Mary L. Hardy, MD, received the 2019 ABC Fredi Kronenberg Excellence in Research and Education in Botanicals for Women’s Health Award. Hardy is board certified in internal medicine, specializes in botanical and integrative medicine, and is a leader in integrative oncology. For more than 25 years, in both her practice and research, she has combined complementary and alternative medicine (CAM) with Western medicine.

Thomas Brendler received the 2019 ABC Champion Award. Brendler, the founder of the consulting firm PlantaPhile, has dedicated countless hours to ABC and its publications since joining the ABC Advisory Board nearly a decade ago.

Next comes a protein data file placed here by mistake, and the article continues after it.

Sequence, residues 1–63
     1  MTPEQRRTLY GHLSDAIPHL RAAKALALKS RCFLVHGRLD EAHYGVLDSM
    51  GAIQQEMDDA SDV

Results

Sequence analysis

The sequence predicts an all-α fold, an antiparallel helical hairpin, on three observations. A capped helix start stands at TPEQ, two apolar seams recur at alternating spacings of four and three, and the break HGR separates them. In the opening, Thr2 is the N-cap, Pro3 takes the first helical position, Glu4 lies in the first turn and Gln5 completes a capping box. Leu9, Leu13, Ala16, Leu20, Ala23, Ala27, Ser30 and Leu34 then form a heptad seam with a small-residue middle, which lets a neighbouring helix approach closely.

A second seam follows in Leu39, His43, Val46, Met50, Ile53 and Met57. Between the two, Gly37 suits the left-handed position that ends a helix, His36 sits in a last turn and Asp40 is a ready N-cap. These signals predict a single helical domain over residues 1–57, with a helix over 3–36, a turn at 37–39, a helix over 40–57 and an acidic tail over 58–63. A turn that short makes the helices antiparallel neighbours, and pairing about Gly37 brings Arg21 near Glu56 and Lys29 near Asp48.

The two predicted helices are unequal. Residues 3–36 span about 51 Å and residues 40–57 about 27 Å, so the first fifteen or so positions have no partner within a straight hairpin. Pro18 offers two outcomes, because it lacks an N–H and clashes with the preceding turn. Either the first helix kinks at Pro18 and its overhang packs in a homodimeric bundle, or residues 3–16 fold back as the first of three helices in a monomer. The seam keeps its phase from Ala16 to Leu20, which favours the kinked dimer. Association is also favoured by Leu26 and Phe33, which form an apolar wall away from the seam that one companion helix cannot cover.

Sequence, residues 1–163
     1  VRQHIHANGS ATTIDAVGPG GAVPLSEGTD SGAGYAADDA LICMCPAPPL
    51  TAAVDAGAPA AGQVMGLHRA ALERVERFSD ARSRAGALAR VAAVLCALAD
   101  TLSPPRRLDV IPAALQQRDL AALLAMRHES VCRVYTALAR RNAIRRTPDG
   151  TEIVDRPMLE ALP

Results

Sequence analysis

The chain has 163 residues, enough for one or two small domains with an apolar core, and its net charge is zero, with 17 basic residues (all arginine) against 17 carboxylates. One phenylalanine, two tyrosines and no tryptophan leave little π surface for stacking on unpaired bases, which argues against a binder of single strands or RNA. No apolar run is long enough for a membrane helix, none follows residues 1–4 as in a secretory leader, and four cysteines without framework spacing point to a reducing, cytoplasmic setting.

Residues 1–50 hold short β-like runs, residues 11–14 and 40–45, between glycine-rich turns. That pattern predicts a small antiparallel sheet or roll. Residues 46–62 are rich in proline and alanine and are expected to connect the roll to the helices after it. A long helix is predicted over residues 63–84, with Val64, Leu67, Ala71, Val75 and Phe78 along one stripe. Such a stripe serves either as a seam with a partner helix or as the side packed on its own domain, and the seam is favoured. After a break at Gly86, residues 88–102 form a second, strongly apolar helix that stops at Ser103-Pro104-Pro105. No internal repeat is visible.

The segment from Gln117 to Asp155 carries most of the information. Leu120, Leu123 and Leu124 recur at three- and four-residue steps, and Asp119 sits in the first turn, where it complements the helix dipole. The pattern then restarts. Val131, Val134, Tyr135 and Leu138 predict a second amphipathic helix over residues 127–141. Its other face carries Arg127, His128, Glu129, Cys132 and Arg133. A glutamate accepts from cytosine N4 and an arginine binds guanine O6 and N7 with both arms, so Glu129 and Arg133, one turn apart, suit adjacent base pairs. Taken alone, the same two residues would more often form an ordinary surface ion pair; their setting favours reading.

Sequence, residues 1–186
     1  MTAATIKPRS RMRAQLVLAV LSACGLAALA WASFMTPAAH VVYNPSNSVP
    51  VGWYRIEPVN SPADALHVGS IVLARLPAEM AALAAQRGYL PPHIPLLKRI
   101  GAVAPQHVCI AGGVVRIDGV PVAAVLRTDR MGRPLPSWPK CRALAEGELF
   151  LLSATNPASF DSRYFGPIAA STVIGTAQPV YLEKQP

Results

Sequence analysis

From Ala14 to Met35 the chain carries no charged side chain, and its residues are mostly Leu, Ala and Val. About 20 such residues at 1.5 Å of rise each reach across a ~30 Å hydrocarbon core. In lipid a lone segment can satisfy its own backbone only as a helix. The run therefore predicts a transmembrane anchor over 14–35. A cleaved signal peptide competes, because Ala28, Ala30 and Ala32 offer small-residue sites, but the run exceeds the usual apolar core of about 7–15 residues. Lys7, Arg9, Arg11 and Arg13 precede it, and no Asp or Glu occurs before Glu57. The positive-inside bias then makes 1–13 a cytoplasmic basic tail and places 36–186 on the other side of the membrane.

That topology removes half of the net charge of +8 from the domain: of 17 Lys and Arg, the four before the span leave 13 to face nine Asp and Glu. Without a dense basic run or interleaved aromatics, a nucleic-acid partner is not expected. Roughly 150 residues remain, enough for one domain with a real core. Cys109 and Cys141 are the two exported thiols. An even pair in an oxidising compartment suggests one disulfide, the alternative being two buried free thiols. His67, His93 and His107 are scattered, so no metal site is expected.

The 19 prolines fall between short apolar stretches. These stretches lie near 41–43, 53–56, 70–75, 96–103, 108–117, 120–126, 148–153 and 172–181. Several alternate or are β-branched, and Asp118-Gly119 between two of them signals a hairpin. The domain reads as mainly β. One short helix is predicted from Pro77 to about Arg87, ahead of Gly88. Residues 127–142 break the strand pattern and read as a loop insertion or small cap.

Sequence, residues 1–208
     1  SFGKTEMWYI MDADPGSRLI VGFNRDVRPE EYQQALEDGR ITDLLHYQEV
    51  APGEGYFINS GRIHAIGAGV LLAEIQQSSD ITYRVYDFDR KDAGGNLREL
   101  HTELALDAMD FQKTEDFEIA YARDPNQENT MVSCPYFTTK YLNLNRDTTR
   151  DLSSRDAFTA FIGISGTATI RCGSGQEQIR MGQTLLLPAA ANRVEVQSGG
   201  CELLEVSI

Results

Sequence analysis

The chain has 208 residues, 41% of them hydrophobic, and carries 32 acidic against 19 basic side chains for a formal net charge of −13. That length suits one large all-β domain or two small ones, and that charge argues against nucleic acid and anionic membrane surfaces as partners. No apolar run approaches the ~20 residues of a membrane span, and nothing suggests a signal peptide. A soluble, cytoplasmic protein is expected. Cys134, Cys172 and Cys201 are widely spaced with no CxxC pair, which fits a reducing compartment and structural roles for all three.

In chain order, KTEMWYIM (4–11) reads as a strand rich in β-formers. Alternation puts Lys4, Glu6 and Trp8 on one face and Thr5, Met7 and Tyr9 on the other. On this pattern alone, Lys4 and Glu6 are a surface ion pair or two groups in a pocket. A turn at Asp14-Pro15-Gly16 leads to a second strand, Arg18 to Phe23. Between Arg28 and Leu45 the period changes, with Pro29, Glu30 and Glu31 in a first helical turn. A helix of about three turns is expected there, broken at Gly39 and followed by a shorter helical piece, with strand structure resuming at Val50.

Mary Blue, Katheryn Langelier, and Nicole Telkes received the 2019 ABC Mark Blumenthal Herbal Community Builder Award. These three herbalists became the face of the “Tradition Not Trademark” movement when they were sued for trademark infringement and battled in court to keep the herbal legacy product “fire cider” a generic term.

The process of choosing and granting the ABC Botanical Excellence Awards was generously underwritten by these sponsors of the ABC Celebration: Amin Talati Wasserman, LLP; ChromaDex; Horphag; Indena; MegaFood; Natural Factors Nutritional Products Ltd.; New Chapter, Inc.; New Hope/Informa; NOW Health Group, Inc.; PlusPharma, Inc.; RFI Ingredients, LLC; RT Specialty, LLC; Terry Naturally/EuroPharma; and the United Natural Products Alliance.

Flora of the Voynich Codex Receives ABC Duke Award